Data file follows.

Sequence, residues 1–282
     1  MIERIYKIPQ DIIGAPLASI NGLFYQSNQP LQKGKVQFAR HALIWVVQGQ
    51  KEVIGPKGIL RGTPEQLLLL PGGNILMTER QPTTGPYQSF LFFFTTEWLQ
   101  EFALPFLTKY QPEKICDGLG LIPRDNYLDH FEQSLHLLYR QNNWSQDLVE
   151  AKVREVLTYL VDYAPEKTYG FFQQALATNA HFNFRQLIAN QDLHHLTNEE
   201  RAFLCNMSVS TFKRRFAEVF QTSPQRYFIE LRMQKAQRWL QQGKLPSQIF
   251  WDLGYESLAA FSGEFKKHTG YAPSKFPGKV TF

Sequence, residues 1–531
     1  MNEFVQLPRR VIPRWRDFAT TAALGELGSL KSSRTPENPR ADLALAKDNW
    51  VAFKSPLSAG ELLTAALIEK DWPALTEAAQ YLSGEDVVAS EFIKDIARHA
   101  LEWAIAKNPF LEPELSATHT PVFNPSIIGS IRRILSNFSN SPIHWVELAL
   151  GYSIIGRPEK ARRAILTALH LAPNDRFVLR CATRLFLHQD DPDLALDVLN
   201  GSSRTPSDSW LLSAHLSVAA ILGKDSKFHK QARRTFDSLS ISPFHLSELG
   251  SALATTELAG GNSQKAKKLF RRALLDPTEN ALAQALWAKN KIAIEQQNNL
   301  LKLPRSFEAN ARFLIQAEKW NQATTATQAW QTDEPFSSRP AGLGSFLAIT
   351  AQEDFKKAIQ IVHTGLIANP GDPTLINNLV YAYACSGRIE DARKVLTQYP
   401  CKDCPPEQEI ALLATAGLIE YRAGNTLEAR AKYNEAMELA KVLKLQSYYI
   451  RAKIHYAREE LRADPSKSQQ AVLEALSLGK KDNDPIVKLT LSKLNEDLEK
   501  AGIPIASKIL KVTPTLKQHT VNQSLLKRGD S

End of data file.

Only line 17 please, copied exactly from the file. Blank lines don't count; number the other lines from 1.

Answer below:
   401  CKDCPPEQEI ALLATAGLIE YRAGNTLEAR AKYNEAMELA KVLKLQSYYI